Books of Necromancy
. The dire demon quickly rallied, and the fight turned bitter, brutal, as each fought for control but neither quite gained it.

Then, abruptly, the dire demon turned and fled, vanishing through the streets, screaming angrily. Bannick bit back the questions flooding his mind and focused on Myre. "What happened?"

Myre shook his head, and Bannick only noticed then that Myre was crying. "Don't rightly know. One minute it was all good, then we heard screams—and then that
thing
busted in and all of a sudden the Sheriff is dead and in—in—
pieces
." He broke off and struggled to get a hold of himself.

Bannick strode to him and gripped Myre's shoulders. "I'm sorry. We should have stopped it before this happened. I thought we had more time. I miscalculated. This was my mistake."

Myre shook his head, but said nothing.

"Get your wife. Get everyone. Pile them in the church and cast the appropriate spells. No one leaves until we give the all clear, understand? Ezell and I will destroy the dire demon and
this
time I will not fail you."

"You—you haven't failed at all," Myre managed. "If you weren't here that thing would have already killed at least half the town. I'm no fool. It woulda stayed here 'til there was nothing left to eat. I just don't get why it came after the Sheriff like that—all focused and intent, like it was hunting him all particular."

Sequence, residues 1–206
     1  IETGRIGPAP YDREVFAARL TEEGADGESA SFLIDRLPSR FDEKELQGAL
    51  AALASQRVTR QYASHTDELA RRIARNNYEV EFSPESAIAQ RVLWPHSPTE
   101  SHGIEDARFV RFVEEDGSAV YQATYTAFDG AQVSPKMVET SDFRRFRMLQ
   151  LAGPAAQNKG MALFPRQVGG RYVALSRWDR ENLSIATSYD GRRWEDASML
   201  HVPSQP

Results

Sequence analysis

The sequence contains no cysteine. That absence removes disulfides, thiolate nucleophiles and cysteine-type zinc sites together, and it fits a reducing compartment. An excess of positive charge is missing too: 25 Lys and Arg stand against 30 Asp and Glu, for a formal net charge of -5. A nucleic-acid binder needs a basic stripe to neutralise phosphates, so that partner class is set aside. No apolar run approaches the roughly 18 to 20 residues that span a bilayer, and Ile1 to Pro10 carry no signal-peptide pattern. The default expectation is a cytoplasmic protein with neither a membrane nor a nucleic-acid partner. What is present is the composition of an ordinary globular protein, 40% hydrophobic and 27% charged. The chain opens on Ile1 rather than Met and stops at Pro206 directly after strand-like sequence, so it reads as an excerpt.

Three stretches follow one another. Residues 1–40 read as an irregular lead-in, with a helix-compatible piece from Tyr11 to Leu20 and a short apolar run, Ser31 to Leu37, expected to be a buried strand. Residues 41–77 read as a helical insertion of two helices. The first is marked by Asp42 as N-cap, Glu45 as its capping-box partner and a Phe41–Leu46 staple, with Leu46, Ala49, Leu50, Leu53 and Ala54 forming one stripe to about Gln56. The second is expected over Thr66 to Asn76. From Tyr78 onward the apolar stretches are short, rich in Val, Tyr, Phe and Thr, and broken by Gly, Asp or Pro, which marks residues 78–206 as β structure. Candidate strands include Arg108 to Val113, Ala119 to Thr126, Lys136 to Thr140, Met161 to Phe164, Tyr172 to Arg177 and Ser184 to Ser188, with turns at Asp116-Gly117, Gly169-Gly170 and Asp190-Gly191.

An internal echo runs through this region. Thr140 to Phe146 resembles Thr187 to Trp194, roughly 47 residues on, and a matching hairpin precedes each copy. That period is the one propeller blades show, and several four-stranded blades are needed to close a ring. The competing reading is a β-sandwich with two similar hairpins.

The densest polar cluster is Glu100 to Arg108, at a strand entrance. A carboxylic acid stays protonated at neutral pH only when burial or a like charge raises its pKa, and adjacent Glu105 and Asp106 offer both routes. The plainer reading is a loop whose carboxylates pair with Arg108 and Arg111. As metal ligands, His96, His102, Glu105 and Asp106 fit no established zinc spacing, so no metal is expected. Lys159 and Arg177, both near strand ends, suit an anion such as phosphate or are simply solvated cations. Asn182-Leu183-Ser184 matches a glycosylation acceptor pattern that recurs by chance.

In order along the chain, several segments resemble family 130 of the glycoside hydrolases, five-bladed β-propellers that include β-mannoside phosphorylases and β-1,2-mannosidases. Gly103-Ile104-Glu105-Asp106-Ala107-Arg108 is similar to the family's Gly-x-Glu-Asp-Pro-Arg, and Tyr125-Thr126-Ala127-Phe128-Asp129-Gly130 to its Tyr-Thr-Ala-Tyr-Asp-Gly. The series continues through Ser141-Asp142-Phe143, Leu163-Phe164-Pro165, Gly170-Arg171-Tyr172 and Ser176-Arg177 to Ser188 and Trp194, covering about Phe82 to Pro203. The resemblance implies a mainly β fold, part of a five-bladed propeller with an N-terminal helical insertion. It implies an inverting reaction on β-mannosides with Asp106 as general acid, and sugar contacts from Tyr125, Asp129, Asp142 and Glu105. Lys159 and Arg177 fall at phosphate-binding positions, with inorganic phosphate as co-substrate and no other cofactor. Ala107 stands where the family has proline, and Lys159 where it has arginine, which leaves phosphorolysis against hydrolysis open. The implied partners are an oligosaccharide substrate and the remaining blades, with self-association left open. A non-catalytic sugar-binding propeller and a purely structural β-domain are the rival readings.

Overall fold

"I'll find out," Bannick replied, though he already had a theory on that.  He doubted they would ever know for sure, but a demon only hunted that intently when they had a chance to kill the one responsible for what had been done to it—or the descendant of the one responsible. Bannick would lay good money the Sheriff had possessed an interesting family history. "Now, go. Get everyone to safety."

When Myre was gone, when they were completely alone outside the ruins of the Sheriff's office, Bannick strode to where Ezell stood by the horses.  He reached out and cupped Ezell's jaw, forced his head up. He gasped, even though he had known what he was going to see, but the fractures of bright yellow amidst the hazel were still startling. "You—you were possessed. You fused with it."

"We've fused, yes,"
Demon Ezell said in a growly purr, dragging out the vowels.
"We told you, we got one hell of an education overseas.
" He pulled free of Bannick's grasp and crowded into Bannick's space, leaning up to nip hard at Bannick's rough, unshaven jaw.
"We have been curious about you, Bannick Poore. The memories of you burn brighter than all the rest. Did not expect you to be a drinker of demon blood."

"Where's Ezell?" Bannick asked.

"He is me, I am him, we are one,"
Demon Ezell replied.
"I tend still to dominate, however, when the magic is needed, yes. Do not think, though, that we are separate just because your sweet memory is still in charge most of the time. We are both aware, all the time."

Then he abruptly kissed Bannick, hard and sharp, and Bannick tasted blood—Ezell's blood. Demon blood. He shuddered and held Ezell's head in his hands, kissing back voraciously, unable to help himself, taken by the rough, hungry kiss, ravenous for the blood that filled his mouth, drunk on the fact it was Ezell feeding it to him.

He tore away only because he needed to breathe, and only after dragging his tongue along the split in Ezell's bottom lip.